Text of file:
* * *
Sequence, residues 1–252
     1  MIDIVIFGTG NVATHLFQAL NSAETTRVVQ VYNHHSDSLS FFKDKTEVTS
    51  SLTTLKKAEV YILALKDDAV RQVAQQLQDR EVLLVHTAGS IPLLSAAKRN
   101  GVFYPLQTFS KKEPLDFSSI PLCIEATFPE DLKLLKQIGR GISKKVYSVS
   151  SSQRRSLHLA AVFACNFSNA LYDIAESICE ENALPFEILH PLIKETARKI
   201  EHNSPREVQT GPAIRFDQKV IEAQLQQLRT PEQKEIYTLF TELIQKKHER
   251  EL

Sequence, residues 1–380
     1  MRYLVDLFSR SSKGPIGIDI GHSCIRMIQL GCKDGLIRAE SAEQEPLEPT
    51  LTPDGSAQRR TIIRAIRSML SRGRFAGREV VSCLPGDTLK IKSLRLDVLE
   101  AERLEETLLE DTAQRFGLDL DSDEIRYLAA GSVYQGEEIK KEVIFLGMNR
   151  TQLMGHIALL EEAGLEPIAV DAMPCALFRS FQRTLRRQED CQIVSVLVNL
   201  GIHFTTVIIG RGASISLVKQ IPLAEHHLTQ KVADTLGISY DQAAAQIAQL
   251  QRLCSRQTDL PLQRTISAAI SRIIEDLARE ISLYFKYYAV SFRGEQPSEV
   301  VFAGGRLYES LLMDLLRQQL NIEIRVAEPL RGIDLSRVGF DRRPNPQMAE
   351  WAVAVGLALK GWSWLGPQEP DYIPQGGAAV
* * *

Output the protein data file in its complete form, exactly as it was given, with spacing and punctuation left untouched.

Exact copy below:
Sequence, residues 1–252
     1  MIDIVIFGTG NVATHLFQAL NSAETTRVVQ VYNHHSDSLS FFKDKTEVTS
    51  SLTTLKKAEV YILALKDDAV RQVAQQLQDR EVLLVHTAGS IPLLSAAKRN
   101  GVFYPLQTFS KKEPLDFSSI PLCIEATFPE DLKLLKQIGR GISKKVYSVS
   151  SSQRRSLHLA AVFACNFSNA LYDIAESICE ENALPFEILH PLIKETARKI
   201  EHNSPREVQT GPAIRFDQKV IEAQLQQLRT PEQKEIYTLF TELIQKKHER
   251  EL

Sequence, residues 1–380
     1  MRYLVDLFSR SSKGPIGIDI GHSCIRMIQL GCKDGLIRAE SAEQEPLEPT
    51  LTPDGSAQRR TIIRAIRSML SRGRFAGREV VSCLPGDTLK IKSLRLDVLE
   101  AERLEETLLE DTAQRFGLDL DSDEIRYLAA GSVYQGEEIK KEVIFLGMNR
   151  TQLMGHIALL EEAGLEPIAV DAMPCALFRS FQRTLRRQED CQIVSVLVNL
   201  GIHFTTVIIG RGASISLVKQ IPLAEHHLTQ KVADTLGISY DQAAAQIAQL
   251  QRLCSRQTDL PLQRTISAAI SRIIEDLARE ISLYFKYYAV SFRGEQPSEV
   301  VFAGGRLYES LLMDLLRQQL NIEIRVAEPL RGIDLSRVGF DRRPNPQMAE
   351  WAVAVGLALK GWSWLGPQEP DYIPQGGAAV